Marriage, Love and Words.

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My husband and I on our wedding day. (1977)

I was posting earlier about the words I speak and also about not getting irritated. The Lord is truly working because today, when I was irritated with my husband I was immediately impressed to tell him he was right in that I had no reason to feel that way. He was trying to show me how to drain the water from a can of sliced mushrooms. I wanted to do it my own way and he wouldn’t give me the can. He is a methodical, practical person who thinks everything should be done in a certain way. I am a fly-by-night person who wings it a lot because I think it will save time; I do something one way and then maybe next time I’ll do it another way. We drive each other crazy.

Anyway, I rejoice in how God is helping me to quickly see my errors. I suppose this is why it is important to talk with God about our faults, but also not worry about them. He will fix things. It is fun to watch him work on my stubborn heart.

I remember many years ago, I was going for walks each day. My husband was on vacation and asked to come along. I was happy for the company. We stopped at the end of the driveway and he asked, “Where are we going? What’s the route you take?”  I told him, “I never plan a route; I just start walking.”

He couldn’t live with that. It was too much for him, so he said, “Let’s plan a route.” I was irritated, but I could see we would be going nowhere if I didn’t go along. We planned a route.

God has shown me why my husband doesn’t like spontaneity. His childhood was chaotic; he never knew when his father would beat him. He would sometimes be woken out of sleep to be beaten. One time he was brushing his teeth and his father smashed his head into the sink. So, my husband needs all things planned. No surprises.

This is where understanding and compassion comes into play in a marriage. We may not understand our spouse; we may think they are crazy, but there are always, always reasons for what people do and how they look at life. Planning things is not a big enough deal to fight about. Of course, if your husband treats you like crap, that is worth dealing with. It must be dealt with but in a loving way. As they say, “Pick your fights.”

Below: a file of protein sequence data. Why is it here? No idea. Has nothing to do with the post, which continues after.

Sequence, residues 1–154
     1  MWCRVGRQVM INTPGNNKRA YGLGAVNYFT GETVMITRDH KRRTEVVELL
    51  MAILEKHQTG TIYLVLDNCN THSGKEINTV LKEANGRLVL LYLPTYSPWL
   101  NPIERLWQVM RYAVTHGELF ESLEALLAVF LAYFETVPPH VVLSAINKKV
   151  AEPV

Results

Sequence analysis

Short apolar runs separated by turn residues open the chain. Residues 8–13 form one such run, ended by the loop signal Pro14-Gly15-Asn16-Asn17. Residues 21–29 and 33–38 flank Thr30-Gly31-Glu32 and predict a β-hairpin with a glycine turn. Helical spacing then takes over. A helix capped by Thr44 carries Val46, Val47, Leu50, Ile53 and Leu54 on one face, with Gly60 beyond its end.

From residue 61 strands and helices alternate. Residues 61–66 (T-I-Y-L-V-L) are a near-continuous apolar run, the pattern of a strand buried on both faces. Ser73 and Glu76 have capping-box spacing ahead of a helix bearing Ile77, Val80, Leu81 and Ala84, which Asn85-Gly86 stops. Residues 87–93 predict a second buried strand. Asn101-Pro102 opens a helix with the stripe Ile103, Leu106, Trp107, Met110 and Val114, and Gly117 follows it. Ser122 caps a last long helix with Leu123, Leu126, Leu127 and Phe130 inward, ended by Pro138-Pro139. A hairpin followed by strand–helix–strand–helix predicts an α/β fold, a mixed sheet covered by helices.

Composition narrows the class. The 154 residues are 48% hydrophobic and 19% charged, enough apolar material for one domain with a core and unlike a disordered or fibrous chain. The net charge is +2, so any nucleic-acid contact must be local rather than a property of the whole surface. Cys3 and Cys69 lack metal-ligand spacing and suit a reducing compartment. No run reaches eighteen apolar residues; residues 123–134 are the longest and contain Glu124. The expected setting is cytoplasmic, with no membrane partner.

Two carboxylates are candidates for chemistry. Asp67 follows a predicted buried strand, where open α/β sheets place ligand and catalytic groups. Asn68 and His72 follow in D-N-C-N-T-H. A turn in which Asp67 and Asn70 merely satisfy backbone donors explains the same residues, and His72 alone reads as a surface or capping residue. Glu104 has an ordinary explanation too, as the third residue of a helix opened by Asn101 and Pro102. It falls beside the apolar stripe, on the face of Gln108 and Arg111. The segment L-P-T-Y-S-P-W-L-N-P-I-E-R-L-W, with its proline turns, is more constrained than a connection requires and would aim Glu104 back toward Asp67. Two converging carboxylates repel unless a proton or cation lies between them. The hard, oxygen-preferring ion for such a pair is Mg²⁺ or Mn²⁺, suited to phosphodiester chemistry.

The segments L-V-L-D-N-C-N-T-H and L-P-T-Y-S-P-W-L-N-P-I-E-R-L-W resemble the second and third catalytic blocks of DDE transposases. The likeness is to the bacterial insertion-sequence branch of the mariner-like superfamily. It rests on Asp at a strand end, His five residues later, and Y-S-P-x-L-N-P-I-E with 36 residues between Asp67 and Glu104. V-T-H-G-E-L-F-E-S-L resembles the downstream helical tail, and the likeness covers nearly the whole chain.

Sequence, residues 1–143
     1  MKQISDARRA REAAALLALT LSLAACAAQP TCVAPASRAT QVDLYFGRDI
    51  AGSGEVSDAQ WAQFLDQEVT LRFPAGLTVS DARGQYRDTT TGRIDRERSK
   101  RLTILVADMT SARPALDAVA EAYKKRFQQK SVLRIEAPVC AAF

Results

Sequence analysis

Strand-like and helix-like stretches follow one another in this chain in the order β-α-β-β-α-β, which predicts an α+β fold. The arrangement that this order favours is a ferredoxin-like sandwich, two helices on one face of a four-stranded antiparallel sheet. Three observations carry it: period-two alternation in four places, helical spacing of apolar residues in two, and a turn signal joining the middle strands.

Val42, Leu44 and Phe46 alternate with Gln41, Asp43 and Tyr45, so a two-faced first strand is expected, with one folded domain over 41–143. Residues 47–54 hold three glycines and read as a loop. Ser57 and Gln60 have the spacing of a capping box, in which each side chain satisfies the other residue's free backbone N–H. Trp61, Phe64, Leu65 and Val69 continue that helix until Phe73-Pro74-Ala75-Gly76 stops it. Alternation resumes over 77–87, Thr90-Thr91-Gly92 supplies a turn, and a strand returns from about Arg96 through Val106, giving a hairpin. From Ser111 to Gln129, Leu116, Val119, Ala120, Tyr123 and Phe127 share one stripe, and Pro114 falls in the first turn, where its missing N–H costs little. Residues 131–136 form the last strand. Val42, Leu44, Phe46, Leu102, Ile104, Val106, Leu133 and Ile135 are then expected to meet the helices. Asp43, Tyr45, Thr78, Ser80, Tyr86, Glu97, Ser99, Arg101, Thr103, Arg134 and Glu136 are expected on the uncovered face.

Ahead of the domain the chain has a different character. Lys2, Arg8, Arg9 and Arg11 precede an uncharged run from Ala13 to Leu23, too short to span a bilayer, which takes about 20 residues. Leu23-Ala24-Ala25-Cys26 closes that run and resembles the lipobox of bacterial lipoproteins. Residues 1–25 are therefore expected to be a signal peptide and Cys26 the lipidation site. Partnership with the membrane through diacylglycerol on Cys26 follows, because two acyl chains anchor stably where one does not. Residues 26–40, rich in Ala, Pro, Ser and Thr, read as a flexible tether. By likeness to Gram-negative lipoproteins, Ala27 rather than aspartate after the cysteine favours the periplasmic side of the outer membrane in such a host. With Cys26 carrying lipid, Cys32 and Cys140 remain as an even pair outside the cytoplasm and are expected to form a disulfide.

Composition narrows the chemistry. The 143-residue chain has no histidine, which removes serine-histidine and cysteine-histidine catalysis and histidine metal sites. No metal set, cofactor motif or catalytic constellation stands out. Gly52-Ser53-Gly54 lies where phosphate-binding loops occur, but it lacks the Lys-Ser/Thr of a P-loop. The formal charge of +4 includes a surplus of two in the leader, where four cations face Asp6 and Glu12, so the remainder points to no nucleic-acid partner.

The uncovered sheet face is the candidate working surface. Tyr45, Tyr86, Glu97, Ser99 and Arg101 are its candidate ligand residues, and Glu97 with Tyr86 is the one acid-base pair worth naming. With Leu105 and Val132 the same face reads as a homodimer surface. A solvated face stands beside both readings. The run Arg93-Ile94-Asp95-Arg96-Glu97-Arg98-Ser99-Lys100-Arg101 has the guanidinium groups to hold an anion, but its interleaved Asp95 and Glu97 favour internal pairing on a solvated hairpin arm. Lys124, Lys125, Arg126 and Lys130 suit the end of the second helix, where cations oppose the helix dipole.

My husband has to put up with my craziness too. I look on the dark side of life; every time my daughter drives all the way to Kelowna to visit, I picture her in a big car crash. I read the news and figure the world is falling apart. My husband? A total optimist. Naturally. We call him, “Walmart is always open.” because if he wants it to be open, it is. (He told my daughter it was open til 10:00 pm and it wasn’t.)

I want to be a blessing to my husband. I want to always be kind, loving and understanding. I want to always speak with good words, words of encouragement and love. God has helped me do that all through our marriage; but I was still falling far short of what I could be. I can see God is helping me do better and that makes me happy.

If You Can’t Say Something Nice…

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My last post ended with me deciding to have a talk with my husband about our marriage. We did have that talk and everything has been good since then. We both apologized and listened to each other’s explanations; I’m glad we worked things out.

This morning, I was thinking about some sermons I had heard by Joyce Meyer on the words we use and how we speak. I realized how important words are; I realized I am not careful enough with my words. I am quick to speak and slow to hear – the exact opposite of,Understand this, my dear brothers and sisters: You must all be quick to listen, slow to speak, and slow to get angry.”  James 1:19

I’m like Nathaniel, who when he heard about Jesus said, “Can anything good come out of Nazareth?”  (John 1:46) Negative, thoughtless words – that’s me.

But even though those were his first thoughts, Nathaniel did go see Jesus and after speaking with him said, “Rabbi, you are the Son of God! You are the King of Israel!”  John 1:49

When we talk with others, our words should be uplifting, positive and loving. Paul said,Let your speech always be gracious, seasoned with salt, so that you may know how you ought to answer each person.”  Colossians 4:6

Jesus said, “A good person produces good things from the treasury of a good heart, and an evil person produces evil things from the treasury of an evil heart. What you say flows from what is in your heart.”   


So, I have some work to do about my mouth and what it speaks. I cannot change myself, because as Jesus said, “Without me, you can do nothing.”  John 15:5  But I can give my heart and my mouth to Jesus and ask him to fill them with good things and to not speak so fast, but to listen and think first. This may take Jesus a long time to do in me since I’m a slow learner – but I know he is patient with me and with everyone.

“The tongue can bring death or life; those who love to talk will reap the consequences.” 

 Proverbs 18:21